“But poetry criticism should also be impossible: if a poem is any good it should exceed and complicate any statement that you want to make about it—the trick is to say things that are true nevertheless.”—Stephen Burt, “Without Evidence”
One of the contributors to The Critical Pulse: Thirty-Six Credos by Contemporary Critics is Stephen Burt, who in addition to being a professor at Harvard, the author of several highly praised scholarly works, and a critically acclaimed poet, is also a frequent contributor to a variety of non-academic venues, including The London Review of Books, The Boston Review, and the Poetry Foundation web site.
Here is an excerpt from his credo, “Without Evidence”:
Asked to contribute a “critical credo” (a well-established minigenre, I discover, dating back to the old Kenyon Review) I realize that I don’t know what I believe. Or rather I know what I believe about particular works (poems, books of poetry), and only by generalizing, with some trepidation, from those beliefs can I make any guess about what I believe, or do, or know with respect to poetry, or to literature, in general.
Which is to say that either I walk around in an untheorized muddle, or else (as I prefer to say) literary reading and, hence, literary criticism are a habitual, accretive, impressionistic matter, that my habits of expectation and response (like those of earlier generations of readers, from whom mine differ in many particulars) have been built up over many small encounters, many cues and many chances to see how other people (teachers, friends, students, family members) read: these habits make up, for me (as they seem to have made up for earlier generations of readers) a more flexible and more interesting set of ways to respond, consciously and unconsciously, to a new text than do any ways that follow from explicit rules about how to read.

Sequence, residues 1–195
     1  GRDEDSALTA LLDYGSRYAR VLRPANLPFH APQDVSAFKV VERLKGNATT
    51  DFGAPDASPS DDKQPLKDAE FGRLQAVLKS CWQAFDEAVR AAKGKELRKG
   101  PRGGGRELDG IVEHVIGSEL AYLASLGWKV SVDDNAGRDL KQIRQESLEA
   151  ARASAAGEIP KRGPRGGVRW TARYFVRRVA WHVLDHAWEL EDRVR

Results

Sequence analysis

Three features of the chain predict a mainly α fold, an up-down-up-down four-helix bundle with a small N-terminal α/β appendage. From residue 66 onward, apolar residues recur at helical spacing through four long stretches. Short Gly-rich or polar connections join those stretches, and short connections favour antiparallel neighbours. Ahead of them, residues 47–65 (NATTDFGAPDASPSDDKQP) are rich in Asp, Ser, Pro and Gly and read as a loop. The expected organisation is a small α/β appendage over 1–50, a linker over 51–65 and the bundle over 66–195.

If this account seems “conservative,” or Burkean—being a defense of intricate, partly unconscious, partly unselfconscious, pretheoretical traditions and habits—it also permits an account of how those habits change; and it should sound “conservative” only in the sense that environmentalists and ecologists are also “conservative,” wanting to understand complicated and beautiful systems and also to keep them around….
Poetry criticism should be easier to write well than criticism in most other arts because the poetry critic can always give the evidence: we can insert a bit of the art itself in the midst of discussions about it so that our readers can simply compare, as they go, a piece of the artwork to our description of it. (Music critics can do the same thing, albeit not in print: on the Internet or on the radio.)
But poetry criticism should also be impossible: if a poem is any good it should exceed and complicate any statement that you want to make about it—the trick is to say things that are true nevertheless. (If you do not feel that your task is impossible to execute completely then you are doing it wrong or else you are discussing a very minor poem.)